So, yes, human beings are indeed sacred.

Jesus himself said that, where two or three gather in his name, he would be present amomg them.

Hence, it takes nothing away from the Eucharist (which the Church calls Jesus really and truly present par excellence) to acknowledge the other ways that Jesus makes himself really and truly present in the celebration of Mass: in the presider who acts in persona Christi; in the proclamation of the Word (the Word was with God...the Word is God...the Word became flesh and made his dwelling among us); in the assembly of God's People who are the mystical Body of Christ; and of course, in the Eucharist in which Jesus is really and truly present sacramentally and substantially under the accidents of bread and wine.

I have no argument with the Holy Father and his motu propio, nor with those who favor the Mass of Pope St. Pius V, O.P. The Holy Father himself expressed the desire that the ordinary and extraordinary forms of the one Roman Rite might benefit each other. My hope is that the TMers and their ilk (and I use this expression strictly as a form of shorthand) will come to a greater love and appreciation of the beauty of the Mass of Pope Paul VI even as we reclaim the beauty of the "Tridentine" Mass. Just as the "Tridentine" Mass reminds us of sacred objects, may the Mass of 1970 remind TMers and their ilk of the sacredness of each human being around the altar during the Sacrifice of the Mass.

You might want to keep in mind a favorite expression of Blessed Teresa of Calcutta: Jesus comes to us often in the most distressing of disguises. It's hard to top that when descriibing the sea of humanity the Lord draws to himself in the Sacred Mysteries of the Mass--whether it be the Mass of Pope St. Pius V, O.P., or the Mass of Pope Paul VI.

Or, as James Joyce said in his defintion of Catholicism: "Here comes everybody!"

9:09 PM  
Blogger Quintero said...

Dear Anonymous 12:25 a.m.,

A big difference between Cardinal Mahony's cathedral and basilicas and cathedrals such as those you mention is that those in charge of them do not call them models for all the churches in their diocese, as Cardinal Mahony's cathedral web site does his.

Sorry, but Catholic churches need sanctuaries, and the sanctuaries are not to be "accessible" to everyone. Setting apart the sanctuary is one of the good effects of Communion rails.

9:14 PM  
Blogger Quintero said...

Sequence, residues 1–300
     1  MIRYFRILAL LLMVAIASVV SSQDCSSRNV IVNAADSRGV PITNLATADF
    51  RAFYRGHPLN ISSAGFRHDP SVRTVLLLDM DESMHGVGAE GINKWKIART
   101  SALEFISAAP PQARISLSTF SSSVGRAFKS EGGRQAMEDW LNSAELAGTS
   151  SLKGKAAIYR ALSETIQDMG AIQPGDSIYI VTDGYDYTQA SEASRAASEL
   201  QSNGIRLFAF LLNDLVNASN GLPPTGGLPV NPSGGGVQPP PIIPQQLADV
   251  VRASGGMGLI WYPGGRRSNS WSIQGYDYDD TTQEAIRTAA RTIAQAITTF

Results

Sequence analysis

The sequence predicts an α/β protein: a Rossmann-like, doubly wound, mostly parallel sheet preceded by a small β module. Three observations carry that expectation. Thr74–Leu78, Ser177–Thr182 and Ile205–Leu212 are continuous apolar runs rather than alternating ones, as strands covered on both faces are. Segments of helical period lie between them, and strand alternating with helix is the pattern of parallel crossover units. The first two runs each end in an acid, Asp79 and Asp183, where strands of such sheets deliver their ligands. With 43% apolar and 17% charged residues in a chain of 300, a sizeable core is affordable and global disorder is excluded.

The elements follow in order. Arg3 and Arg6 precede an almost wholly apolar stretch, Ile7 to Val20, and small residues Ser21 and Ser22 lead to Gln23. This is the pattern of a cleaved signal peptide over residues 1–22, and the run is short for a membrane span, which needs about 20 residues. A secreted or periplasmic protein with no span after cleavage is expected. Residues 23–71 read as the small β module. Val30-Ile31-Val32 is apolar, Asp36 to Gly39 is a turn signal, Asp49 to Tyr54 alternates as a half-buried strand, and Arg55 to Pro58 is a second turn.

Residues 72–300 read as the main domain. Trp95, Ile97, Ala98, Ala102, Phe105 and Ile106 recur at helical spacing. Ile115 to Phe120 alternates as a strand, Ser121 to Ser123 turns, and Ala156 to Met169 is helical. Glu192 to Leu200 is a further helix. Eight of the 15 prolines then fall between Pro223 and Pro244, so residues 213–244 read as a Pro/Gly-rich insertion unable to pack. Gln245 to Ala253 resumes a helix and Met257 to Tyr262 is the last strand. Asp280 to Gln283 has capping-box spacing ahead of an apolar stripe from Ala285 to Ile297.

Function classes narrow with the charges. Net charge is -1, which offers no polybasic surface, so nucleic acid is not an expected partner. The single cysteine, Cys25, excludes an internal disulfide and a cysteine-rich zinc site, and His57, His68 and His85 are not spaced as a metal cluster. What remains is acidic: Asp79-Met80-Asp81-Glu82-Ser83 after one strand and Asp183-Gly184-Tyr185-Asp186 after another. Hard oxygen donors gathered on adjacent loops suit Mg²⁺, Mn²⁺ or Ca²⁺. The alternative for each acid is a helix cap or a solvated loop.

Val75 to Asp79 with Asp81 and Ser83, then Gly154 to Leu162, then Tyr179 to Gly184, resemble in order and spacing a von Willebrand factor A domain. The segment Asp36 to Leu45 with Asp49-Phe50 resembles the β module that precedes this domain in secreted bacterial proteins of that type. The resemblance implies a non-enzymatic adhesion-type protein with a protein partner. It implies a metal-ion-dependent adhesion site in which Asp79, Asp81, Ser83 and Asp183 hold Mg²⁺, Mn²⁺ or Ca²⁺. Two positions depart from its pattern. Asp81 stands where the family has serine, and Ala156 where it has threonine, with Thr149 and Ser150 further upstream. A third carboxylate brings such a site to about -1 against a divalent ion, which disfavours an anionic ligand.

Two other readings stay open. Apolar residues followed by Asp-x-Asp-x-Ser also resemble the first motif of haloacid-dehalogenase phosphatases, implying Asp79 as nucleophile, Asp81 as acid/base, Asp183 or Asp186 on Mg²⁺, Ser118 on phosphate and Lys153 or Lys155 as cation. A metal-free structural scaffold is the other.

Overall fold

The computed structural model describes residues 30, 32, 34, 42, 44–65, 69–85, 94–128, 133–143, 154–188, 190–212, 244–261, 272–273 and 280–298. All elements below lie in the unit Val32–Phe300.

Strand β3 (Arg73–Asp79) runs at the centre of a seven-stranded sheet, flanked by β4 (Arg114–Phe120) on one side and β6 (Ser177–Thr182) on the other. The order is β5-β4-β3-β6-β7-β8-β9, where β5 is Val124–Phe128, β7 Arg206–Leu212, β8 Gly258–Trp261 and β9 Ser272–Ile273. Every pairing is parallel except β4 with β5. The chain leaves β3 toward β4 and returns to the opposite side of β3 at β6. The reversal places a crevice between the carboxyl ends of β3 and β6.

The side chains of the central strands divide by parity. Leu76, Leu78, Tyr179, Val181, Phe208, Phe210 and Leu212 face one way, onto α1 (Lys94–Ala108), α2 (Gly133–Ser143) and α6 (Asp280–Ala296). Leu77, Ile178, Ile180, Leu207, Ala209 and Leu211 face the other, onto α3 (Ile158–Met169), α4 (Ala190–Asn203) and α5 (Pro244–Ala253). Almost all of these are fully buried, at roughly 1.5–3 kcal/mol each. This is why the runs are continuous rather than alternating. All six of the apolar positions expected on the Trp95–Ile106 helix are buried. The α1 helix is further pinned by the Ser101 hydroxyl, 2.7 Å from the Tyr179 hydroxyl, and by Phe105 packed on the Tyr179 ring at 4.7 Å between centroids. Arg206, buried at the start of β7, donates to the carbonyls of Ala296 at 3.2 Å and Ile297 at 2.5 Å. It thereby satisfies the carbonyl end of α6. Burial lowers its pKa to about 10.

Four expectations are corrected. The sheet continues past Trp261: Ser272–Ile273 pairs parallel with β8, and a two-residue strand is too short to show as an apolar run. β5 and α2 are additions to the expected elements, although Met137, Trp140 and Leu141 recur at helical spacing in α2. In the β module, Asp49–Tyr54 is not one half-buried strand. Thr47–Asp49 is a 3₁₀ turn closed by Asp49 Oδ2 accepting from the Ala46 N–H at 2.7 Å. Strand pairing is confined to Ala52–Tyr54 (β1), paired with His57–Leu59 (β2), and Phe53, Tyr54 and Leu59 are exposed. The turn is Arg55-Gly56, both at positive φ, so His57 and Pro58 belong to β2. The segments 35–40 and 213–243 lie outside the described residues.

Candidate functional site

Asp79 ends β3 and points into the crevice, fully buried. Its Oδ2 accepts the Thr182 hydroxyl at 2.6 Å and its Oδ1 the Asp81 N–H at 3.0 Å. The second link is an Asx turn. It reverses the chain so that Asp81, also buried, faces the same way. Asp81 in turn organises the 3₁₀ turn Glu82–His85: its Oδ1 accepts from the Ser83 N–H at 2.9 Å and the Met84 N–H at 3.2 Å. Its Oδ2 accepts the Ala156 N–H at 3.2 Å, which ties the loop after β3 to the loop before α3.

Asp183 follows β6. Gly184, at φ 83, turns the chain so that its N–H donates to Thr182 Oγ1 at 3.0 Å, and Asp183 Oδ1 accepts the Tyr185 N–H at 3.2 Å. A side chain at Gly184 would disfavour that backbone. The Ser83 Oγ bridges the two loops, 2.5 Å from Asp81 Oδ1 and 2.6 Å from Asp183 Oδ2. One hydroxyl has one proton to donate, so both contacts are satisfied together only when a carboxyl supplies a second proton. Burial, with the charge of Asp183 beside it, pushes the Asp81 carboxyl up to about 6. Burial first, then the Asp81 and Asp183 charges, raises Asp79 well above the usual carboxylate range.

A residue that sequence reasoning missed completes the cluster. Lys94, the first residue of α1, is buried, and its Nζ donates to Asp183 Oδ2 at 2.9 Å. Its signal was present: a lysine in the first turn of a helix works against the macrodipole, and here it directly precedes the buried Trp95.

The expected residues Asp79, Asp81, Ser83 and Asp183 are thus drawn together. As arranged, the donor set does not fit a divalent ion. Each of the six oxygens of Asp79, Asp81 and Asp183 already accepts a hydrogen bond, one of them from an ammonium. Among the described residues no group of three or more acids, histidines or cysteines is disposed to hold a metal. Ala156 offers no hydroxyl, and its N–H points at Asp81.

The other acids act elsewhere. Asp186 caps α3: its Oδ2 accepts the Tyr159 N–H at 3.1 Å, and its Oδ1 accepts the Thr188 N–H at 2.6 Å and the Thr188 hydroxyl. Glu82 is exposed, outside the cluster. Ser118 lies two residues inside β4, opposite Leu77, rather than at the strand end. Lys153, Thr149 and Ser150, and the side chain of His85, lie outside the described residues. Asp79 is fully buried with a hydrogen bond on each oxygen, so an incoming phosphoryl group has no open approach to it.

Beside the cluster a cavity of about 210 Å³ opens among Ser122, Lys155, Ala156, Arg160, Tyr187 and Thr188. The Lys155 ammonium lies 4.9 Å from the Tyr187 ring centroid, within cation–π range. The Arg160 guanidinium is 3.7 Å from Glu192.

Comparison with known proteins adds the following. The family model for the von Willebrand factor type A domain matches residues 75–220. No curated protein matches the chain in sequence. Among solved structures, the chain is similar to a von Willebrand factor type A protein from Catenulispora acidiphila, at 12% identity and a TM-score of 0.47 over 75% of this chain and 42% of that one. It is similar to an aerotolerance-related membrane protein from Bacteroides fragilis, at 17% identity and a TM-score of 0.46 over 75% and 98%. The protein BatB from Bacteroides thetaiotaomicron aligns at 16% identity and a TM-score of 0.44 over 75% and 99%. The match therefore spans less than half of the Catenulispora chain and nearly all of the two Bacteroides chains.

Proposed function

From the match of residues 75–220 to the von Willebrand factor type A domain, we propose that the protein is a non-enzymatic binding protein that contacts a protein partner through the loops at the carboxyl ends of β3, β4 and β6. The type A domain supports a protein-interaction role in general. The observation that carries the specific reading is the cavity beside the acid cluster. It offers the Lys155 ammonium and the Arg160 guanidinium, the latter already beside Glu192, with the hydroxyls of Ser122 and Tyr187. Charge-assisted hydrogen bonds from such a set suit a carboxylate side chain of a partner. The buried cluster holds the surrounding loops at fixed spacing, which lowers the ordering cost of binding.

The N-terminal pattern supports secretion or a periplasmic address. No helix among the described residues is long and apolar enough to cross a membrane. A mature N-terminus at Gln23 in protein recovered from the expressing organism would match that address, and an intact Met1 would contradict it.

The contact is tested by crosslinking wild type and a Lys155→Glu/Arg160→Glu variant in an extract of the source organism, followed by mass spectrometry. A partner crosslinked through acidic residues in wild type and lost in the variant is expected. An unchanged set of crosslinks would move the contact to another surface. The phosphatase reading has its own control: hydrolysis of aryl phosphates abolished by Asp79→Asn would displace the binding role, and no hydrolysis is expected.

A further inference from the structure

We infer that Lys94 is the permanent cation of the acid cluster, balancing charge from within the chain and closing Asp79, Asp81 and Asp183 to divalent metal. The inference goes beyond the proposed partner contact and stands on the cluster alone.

Dear Mike,

Thanks for intervening so ably! You make excellent points.

I am tired of seeing whole crowds of lay "ministers" swarm up into the sanctuary during Mass as if the doors at Sears had just opened for a big sale, by the way.

9:18 PM  
Blogger Quintero said...

Dear Anonymous 11:01 a.m.,

Human life is sacred. And we are made in the image and likeness of God. But, and this is essential, Jesus instituted the Catholic priesthood. It is up to the Church in our day to restore true understanding of the greatness of the Catholic priesthood, as well as the distinction between the powers, rights and duties of our priests and those of the laity.

The liberals try their utmost to blur that distinction, and their ways of blurring include cramming the sanctuary with lay people.

The phrase "really and truly present" fits the True Presence. But when it is applied to the congregation, it confuses and misleads people -- and it lessens some people's faith in the Real Presence. How about not using it?

If, as you say, the Mass of Pope Paul VI "accentuates the sacredness of God's People," then a lot of God's people evidently do not want their "sacredness" accentuated, because they have left the Church by the millions since that Mass was introduced.

10:06 PM  
Blogger Quintero said...

Dear Patrick,

Thank you for intervening so ably! You make really excellent points.

Your comment would make a really good article in a Catholic print or online publication.

I hope you have a blogspot or will consider starting one. And if you do, please let us all know!

Mike ought to do the same, don't you think?

I'm going to re-read and re-re-read your comments and Mike's. Thank you for making so many essential distinctions.

I see no Protestant theology at all in your comment, by the way.

10:21 PM  
Blogger Quintero said...

Dear Anonymous,

I don't think any jury -- any Catholic one, anyway -- would convict me or any other Catholic for loving Jesus in the Tabernacle during the Holy Sacrifice.

That enhances, not detracts from, our attention and prayer at Mass.

Hiding Jesus far away from the sanctuary, or the empty space where the sanctuary should be, is a poor idea theologically, catechetically and pastorally.